Constipation is an underestimated and debilitating medical issue related to the opioid epidemic. As a growing concern, researchers look to new tools to help patients with this side effect of opioid use and aging.
Now, investigators from Thomas Jefferson University (TJU) have just released data of a new technique – called magnetofection – that incorporates micro-metal beads coated with small RNA fragments (microRNAs, or miRNAs) injected at specific regions of the colon and held in place with a powerful magnet.
The findings from the new study were published recently in the American Journal of Physiology – Gastrointestinal and Liver Physiology in an article entitled “In Vivo Magnetofection: A Novel Approach for Targeted Topical Delivery of Nucleic Acids for Rectoanal Motility Disorders.”
Both constipation and incontinence, although multifactorial, have also been associated with the problems related to the regulation of a ring of smooth muscle around the anal opening, termed the internal anal sphincter. Unlike the way we can clench muscles just by thinking about them, smooth muscle is a type of muscle that we can’t control with our thoughts. Using this new technique to deliver gene-therapy-like intervention directly where it’s needed, the TJU researchers successfully increased or decreased the muscle tone of the anal sphincter in appropriate animal models. These studies could have implications in treating constipation or incontinence.
“…we developed a novel approach of in vivo magnetofection for localized delivery of nucleic acids such as micro-RNA-139-5p (miR-139-5p; which is known to target Rho kinase2) to the circular smooth muscle layer of the internal anal sphincter (IAS),” the authors wrote. “The IAS tone is known to play a major role in the rectoanal continence via activation of RhoA-associated kinase (RhoA/ROCK2). These studies established an optimized protocol for efficient gene delivery using an assembly of equal volumes of in vivo PolyMag and miR139-5p or anti-miR-139-5p (100 nM each) injected in the circular smooth muscle layer in the pinpointed areas of the rat perianal region and then incubated for 20 min under magnetic field.”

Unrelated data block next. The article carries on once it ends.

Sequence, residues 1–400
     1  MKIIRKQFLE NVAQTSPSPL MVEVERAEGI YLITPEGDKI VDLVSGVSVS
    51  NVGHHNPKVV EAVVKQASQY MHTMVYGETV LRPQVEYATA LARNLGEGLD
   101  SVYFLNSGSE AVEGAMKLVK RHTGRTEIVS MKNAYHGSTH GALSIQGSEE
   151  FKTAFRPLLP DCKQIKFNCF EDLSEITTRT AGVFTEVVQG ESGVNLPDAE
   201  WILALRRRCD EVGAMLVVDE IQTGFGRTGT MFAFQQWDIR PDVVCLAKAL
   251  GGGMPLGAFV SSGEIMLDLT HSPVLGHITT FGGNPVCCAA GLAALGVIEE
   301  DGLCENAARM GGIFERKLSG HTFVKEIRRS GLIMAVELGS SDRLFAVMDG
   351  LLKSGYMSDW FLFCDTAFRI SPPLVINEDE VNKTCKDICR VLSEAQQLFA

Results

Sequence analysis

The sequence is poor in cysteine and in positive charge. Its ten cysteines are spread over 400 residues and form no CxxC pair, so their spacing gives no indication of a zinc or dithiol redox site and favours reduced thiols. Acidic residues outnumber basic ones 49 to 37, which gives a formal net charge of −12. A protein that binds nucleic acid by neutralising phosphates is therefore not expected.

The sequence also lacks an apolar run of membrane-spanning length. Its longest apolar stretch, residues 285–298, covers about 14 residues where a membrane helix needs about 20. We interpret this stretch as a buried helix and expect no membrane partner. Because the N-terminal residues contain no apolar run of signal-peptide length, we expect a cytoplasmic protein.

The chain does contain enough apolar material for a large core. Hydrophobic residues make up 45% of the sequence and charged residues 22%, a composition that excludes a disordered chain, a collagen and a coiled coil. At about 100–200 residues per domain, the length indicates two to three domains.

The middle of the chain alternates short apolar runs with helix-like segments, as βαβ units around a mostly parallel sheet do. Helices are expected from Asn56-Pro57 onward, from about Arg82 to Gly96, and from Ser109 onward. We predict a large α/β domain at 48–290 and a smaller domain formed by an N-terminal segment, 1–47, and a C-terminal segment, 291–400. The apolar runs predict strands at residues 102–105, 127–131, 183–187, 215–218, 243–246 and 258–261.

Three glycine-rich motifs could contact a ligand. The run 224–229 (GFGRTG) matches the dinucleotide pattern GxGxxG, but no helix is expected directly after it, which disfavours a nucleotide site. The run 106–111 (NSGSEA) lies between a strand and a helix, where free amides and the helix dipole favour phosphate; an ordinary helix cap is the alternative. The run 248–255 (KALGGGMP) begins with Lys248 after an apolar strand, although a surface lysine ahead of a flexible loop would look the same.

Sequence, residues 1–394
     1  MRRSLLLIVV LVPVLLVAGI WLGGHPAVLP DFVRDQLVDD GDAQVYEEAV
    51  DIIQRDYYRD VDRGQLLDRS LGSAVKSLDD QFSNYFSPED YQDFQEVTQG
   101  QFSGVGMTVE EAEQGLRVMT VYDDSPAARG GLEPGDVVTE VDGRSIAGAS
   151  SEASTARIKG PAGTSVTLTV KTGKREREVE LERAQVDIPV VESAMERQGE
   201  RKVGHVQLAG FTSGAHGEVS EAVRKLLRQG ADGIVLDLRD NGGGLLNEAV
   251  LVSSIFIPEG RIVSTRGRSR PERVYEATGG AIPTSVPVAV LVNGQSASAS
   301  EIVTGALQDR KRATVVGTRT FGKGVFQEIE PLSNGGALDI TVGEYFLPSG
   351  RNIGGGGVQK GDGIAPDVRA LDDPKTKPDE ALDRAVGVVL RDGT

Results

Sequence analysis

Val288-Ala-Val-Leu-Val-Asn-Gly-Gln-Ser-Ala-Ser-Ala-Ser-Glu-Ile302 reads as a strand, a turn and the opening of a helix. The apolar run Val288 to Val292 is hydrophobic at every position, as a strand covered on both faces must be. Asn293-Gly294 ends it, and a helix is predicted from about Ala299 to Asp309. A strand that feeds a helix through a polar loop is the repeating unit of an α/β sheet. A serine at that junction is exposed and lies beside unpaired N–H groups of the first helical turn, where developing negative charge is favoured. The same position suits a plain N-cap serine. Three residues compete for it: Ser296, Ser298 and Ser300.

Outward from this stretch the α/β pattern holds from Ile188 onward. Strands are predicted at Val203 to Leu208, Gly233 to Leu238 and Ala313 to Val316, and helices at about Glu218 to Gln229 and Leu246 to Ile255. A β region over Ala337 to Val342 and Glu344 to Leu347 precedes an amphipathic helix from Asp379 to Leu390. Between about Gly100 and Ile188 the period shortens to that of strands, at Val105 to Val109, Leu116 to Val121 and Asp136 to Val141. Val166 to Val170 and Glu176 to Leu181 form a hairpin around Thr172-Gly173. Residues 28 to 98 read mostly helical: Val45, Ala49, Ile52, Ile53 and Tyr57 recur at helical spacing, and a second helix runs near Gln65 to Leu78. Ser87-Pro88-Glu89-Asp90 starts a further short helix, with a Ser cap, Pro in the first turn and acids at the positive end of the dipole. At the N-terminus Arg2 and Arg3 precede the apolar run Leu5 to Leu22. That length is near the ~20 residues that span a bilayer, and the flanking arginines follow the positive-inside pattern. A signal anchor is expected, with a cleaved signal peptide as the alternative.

Rather than simply inject the agent, where it could have spread through the tissue to affect other regions, the investigators kept the miRNAs localized to the ring of muscle. The research team first injected the miRNAs mixed with micro-metal beads, and then kept them localized to the sphincter with a magnet. This innovative yet simple approach was more effective at keeping the miRNAs in the right place than injecting the miRNAs alone.
“Magnetofection efficiency was confirmed and analyzed by confocal microscopy of FITC -tagged siRNA [small interfering RNA],” the authors noted. “Using physiological and biochemical approaches, we investigated the effects of miR-139-5p and anti-miR-139-5p on basal intraluminal IAS pressure (IASP), fecal pellet count, IAS tone, agonist-induced contraction, contraction-relaxation kinetics, and RhoA/ROCK2 signaling.”
Because sphincters also help keep food in the stomach from rising up the esophagus, using a similar approach has additional implications in the lower esophageal sphincter where its localized stimulation could help prevent acid reflux in difficult-to-treat cases. First, however, the researchers will have to demonstrate whether the same principles hold true in humans, without side effects.
“Collectively, these data demonstrate that magnetofection is a promising novel method of in vivo gene delivery and of nucleotides to the internal anal sphincter for the site-directed and targeted therapy for rectoanal motility disorders,” the authors concluded.